Preview: Bristol Hippodrome: Previews from September 15 2004, Official opening September 18 2004, end of engagement November 6 2004. West End Production at the Prince Edward Theatre: December 2004 – January 12 2008 Broadway Production at the New Amsterdam Theatre: November 16 2006 – March 3 2013 (2619 performances)
UK Tour began at the Theatre Royal Plymouth in 2009
Revival West End Production returned to the Prince Edward Theatre from 23 October 2019, paused in March 2020 due to the pandemic, and resumed 7th August 2021, before closing 8 January 2023.
This is based on the touring production, so has a slightly simplified (but still hugely impressive) set compared to the original West End production.
Director: Richard Eyre Book: Julian Fellowes Production Design: Bob Crowley Co-director & Choreography: Matthew Bourne and Stephen Mear Lighting Design: Howard Harrison Sound Design: Andrew Bruce Illusion Design: Jim Steinmeyer Produced by Cameron Mackintosh and Disney Theatrical
Beautiful cyclorama lighting was achieved using EvenLED – Rob Halliday (the lighting programmer on the show) has written an article about it, as well as the Classic Gear article below.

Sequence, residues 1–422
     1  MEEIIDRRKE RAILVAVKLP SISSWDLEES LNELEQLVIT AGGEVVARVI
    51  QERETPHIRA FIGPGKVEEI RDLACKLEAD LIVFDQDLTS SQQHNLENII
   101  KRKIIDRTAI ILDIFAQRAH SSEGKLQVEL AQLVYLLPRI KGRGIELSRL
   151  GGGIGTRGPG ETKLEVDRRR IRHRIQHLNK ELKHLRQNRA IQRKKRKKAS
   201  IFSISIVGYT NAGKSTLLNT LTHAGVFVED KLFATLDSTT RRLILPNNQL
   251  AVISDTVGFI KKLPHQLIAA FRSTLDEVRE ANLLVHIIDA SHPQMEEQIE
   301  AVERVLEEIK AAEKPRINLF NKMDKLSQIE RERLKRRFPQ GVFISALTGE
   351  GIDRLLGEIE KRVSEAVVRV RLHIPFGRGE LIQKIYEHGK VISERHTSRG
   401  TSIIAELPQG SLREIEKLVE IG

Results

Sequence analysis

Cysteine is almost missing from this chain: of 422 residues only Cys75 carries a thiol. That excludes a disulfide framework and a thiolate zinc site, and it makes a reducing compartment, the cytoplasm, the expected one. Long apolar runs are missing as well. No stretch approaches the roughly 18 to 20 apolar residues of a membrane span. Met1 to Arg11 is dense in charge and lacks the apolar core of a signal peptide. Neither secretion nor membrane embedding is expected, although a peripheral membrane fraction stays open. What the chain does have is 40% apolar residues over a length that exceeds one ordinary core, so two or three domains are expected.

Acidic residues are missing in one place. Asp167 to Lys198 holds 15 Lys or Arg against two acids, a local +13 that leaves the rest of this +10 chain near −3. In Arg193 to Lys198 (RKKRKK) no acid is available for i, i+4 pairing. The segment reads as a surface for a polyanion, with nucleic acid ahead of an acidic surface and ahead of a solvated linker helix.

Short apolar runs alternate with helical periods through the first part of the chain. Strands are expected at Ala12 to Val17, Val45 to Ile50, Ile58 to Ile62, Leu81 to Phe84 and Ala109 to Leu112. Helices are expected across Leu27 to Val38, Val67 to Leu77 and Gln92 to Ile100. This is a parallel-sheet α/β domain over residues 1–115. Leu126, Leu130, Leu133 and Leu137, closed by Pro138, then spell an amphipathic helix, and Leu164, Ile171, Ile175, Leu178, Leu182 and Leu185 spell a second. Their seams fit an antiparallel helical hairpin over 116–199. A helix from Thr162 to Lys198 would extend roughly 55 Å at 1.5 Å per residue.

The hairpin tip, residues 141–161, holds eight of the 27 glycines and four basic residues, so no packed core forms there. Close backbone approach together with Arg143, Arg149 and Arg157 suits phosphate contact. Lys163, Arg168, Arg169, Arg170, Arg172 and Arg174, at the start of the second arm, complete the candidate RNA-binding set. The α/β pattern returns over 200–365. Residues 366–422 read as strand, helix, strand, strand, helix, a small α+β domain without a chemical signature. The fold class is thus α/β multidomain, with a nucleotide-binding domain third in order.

After a spectacular run of Mary Poppins in London’s West End the musical began its first tour of the UK in Plymouth in June 2009. The magical theatre version includes all the hit songs from the classic Walt Disney film, including ‘Chim Chim Cher-ee’, ‘A Spoonful of Sugar’ and ‘Supercalifragilisticexpialidocious’!
Delstar Engineering Ltd was responsible for the design and manufacture of the house in which the play is set. This was done by breaking the set into three main areas.
1. A steel construction skeletal framework of the main house, with a drive system and central rotary bearing in the lower section of the housing to allow the whole framework to rotate, as well as two large doors covering the front of the house, which open up using individually driven motor gearboxes mounted in the roof.
2. A banister ‘saddle’ system allows an actress to move up the steel framed banister track, by sitting on an adjustable custom-made skate pulled upwards from a local winch and driven using a braked motor gearbox hidden within the staircase framework.
3. The nursery truss is a flown truss manufactured from steel box section with lattice bracing. It is lifted using winches. The ultimate travel positions are controlled using limit boxes and an earth trip system controls slack rope detection.
Video about the amazing set design, by Bob Crowley